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Osso Buco

May 25, 2014

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Osso Buco – “bone with a hole” – is a Milanese specialty. It’s also my traditional fancy-dancy birthday dinner. Or at least it was until our neighborhood trattoria took it off the menu a couple years ago. So this year I prepared my own birthday feast.

There are many recipes for Osso Buco. The one I used is adapted from “Roberto’s Osso Buco,” a recipe in Jan Karon’s “Mitford Cookbook and Kitchen Reader.”   More on this delightful book later, but here is the introduction to the recipe, taken from chapter twenty-one of Karon’s “A Light in the Window.”

“Roberto had put on the rector’s favorite apron, tucked his tie into his shirt pocket, and was busy creating the most seductive aromas in the rectory’s history.

“’Osso Buco!’ Roberto announced, removing the pot lid with one hand and waving a wooden spoon with the other.

“’Ummmmm!’ cried Cynthia, … ‘Man!’ exclaimed Dooley, … ‘Oh, my goodness!’ gasped Miss Sadie, … Louella sniffed the air appreciatively. ‘That ain’t no collards and pigs’ feet!’ The toasts flew as thick as snowflakes during last year’s blizzard. … The rector had never seen so much toasting and cooking and pouring of olive oil and peeling of garlic, nor heard so much laughing and joking. … It was as if Roberto were one of their very own and had come home to them all.”

Roberto’s Osso Buco

2 or 3 pounds veal shanks (be sure that they are full of marrow)

salt, pepper, flour, olive oil, unsalted butter

 

1 large onion, chopped

4 cloves garlic, minced

2 large carrots, chopped

2 ribs celery, chopped

 

1 (or 2) 14-1/2 oz. chopped tomatoes in juice

1 (or 2) cups chicken stock

5-6 sprigs fresh thyme

8-10 fresh basil leaves

1 teaspoon sugar

2 teaspoons lemon zest

* * *

Preheat oven to 325 degrees.

Season the shanks with salt and pepper. Dredge the shanks in flour (a zip-lock bag works perfectly). Heat a couple tablespoons of oil and butter over medium heat in a large, heavy Dutch oven and brown the shanks all over. Remove the shanks to a plate.

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Lower the heat, add a little more butter along with the onion, garlic, carrots, and celery. Saute the vegetables until they are just soft, 5 or 10 minutes. Add the wine, tomatoes and juice, stock, the thyme and basil (wrapped in cheesecloth and tied with string), sugar, and lemon zest, and about 1-1/2 tsp salt. Arrange the shanks over the sauce and cover the Dutch oven and place it in the preheated oven. Braise the shanks for about 2 hours, basting occasionally, until they are very tender.

While the shanks are braising, prepare the gremolata. Pull the leaves from one bunch of fresh Italian flat-leaf parsley. Finely chop the leaves with 4 cloves of garlic. Combine the parsley and garlic with 2 tablespoons lemon zest. Let the mixture sit for a while to mix the flavors.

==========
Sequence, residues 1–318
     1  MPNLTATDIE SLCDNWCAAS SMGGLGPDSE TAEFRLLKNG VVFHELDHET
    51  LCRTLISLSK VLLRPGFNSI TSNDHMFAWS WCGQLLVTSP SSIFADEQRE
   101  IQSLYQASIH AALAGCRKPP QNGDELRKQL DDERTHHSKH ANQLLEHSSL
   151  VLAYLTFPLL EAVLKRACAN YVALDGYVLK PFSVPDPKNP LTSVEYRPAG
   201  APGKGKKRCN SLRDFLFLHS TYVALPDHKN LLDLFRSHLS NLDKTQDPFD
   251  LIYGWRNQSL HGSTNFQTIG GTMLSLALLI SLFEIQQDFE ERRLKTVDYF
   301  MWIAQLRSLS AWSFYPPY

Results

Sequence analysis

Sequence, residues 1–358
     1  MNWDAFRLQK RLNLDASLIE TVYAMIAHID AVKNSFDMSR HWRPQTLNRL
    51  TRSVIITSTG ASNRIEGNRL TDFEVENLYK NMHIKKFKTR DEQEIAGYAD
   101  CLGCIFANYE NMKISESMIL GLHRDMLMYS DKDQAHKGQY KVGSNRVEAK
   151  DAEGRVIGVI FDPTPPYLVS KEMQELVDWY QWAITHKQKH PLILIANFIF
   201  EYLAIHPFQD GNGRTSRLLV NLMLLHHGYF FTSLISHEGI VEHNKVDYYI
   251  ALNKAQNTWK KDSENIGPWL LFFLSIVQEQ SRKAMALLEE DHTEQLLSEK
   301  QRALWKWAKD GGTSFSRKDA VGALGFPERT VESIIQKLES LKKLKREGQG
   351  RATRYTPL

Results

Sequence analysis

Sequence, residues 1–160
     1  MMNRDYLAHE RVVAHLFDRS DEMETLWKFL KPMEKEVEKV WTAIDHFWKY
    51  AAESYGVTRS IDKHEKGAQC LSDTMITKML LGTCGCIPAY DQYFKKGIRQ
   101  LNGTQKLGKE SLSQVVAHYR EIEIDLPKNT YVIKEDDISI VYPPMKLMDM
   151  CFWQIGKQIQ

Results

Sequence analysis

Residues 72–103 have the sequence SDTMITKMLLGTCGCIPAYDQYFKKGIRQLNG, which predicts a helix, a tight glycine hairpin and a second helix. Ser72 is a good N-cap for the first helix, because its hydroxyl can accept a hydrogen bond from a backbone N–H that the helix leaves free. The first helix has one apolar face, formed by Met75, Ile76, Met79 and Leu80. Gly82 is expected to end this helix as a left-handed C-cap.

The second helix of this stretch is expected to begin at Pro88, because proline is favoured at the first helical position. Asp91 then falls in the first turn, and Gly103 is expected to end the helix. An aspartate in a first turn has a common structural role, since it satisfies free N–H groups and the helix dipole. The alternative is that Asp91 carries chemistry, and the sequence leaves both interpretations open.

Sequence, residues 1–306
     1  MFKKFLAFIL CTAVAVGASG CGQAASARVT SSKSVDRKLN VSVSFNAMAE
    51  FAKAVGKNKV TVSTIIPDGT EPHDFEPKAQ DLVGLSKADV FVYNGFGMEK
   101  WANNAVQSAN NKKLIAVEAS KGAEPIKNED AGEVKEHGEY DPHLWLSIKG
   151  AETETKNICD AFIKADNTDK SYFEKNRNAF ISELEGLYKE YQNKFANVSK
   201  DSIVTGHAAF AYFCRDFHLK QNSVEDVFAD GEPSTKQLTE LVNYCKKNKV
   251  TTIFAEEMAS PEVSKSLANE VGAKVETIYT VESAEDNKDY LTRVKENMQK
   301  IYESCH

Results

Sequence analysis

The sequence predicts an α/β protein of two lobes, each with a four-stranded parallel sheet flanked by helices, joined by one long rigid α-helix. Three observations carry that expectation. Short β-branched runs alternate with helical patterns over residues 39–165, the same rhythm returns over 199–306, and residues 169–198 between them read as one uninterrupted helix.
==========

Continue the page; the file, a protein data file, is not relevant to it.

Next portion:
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Serve the Osso Buco on individual plates, with sauce spooned over, garnished with a sprinkling of gremolata.   Risotto is a traditional accompaniment; mashed potatoes or polenta are also options.  We like it with polenta.   A plate of sliced tomatoes, seasoned with olive oil and dried oregano, was the perfect accompaniment.

The cookbook & kitchen reader

Cover_JanKaron'sMitfordCookbookJan Karon’s “Mitford Cookbook and Kitchen Reader” edited by Martha McIntosh, offers 150 recipes, scenes from the Mitford books, Jan’s memories of her grandmother, family photos, hymns… well (as the jacket says), “everything but the kitchen sink. My Judith – feminist, teacher, theologian – is a Jan Karon groupie. Is that incongruous? Perhaps not. She rereads the Mitford novels – it seems she always has one going. Perhaps they are for her a sorbet for the mind.

One finds recipes for company fare here – Helene’s Roast Poulet with Currants, Cynthia’s Bouillabaisse, Esther’s Orange Marmalade Cake. There’s also comfort food – Puny’s Creamed Corn, Rector’s Meatloaf, Marge’s Chicken Pot Pie.

And a few moments of downright silliness – Doolie’s Fried Baloney Sandwich Supreme (Fry a slice of baloney, spread mayo on two slices of white bread, place the baloney between the bread, fry the sandwich on both sides until crispy brown). Doolie’s Second Favorite Sandwich – The Doozie. (Spread a slice of white bread with a generous amount of smooth peanut butter, sprinkle the peanut butter liberally with Cheerios. “Fold the sandwich in half and jump on your bike and go.”)

Bon appetit.

Joe

 

 

 

 

 

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From → Food

2 Comments
  1. I’m glad to hear from you. Yum.

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